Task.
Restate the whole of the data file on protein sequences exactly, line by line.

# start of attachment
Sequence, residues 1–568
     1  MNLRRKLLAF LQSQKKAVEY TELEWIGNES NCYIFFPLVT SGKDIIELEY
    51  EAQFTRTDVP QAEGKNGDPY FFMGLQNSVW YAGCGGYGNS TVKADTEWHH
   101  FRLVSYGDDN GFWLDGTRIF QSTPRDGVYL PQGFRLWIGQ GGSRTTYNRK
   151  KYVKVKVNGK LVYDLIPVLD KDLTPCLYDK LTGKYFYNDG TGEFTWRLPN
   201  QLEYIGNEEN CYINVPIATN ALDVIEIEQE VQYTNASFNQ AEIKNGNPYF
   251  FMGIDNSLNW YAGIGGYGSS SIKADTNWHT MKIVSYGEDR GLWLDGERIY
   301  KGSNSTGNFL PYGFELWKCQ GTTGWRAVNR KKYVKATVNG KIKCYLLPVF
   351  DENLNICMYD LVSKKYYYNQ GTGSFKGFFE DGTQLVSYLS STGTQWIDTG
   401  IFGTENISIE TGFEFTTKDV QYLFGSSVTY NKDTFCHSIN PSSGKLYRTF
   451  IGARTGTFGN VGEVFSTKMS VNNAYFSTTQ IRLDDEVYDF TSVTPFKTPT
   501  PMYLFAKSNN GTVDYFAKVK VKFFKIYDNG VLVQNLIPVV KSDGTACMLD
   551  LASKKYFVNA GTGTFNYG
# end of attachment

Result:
Sequence, residues 1–568
     1  MNLRRKLLAF LQSQKKAVEY TELEWIGNES NCYIFFPLVT SGKDIIELEY
    51  EAQFTRTDVP QAEGKNGDPY FFMGLQNSVW YAGCGGYGNS TVKADTEWHH
   101  FRLVSYGDDN GFWLDGTRIF QSTPRDGVYL PQGFRLWIGQ GGSRTTYNRK
   151  KYVKVKVNGK LVYDLIPVLD KDLTPCLYDK LTGKYFYNDG TGEFTWRLPN
   201  QLEYIGNEEN CYINVPIATN ALDVIEIEQE VQYTNASFNQ AEIKNGNPYF
   251  FMGIDNSLNW YAGIGGYGSS SIKADTNWHT MKIVSYGEDR GLWLDGERIY
   301  KGSNSTGNFL PYGFELWKCQ GTTGWRAVNR KKYVKATVNG KIKCYLLPVF
   351  DENLNICMYD LVSKKYYYNQ GTGSFKGFFE DGTQLVSYLS STGTQWIDTG
   401  IFGTENISIE TGFEFTTKDV QYLFGSSVTY NKDTFCHSIN PSSGKLYRTF
   451  IGARTGTFGN VGEVFSTKMS VNNAYFSTTQ IRLDDEVYDF TSVTPFKTPT
   501  PMYLFAKSNN GTVDYFAKVK VKFFKIYDNG VLVQNLIPVV KSDGTACMLD
   551  LASKKYFVNA GTGTFNYG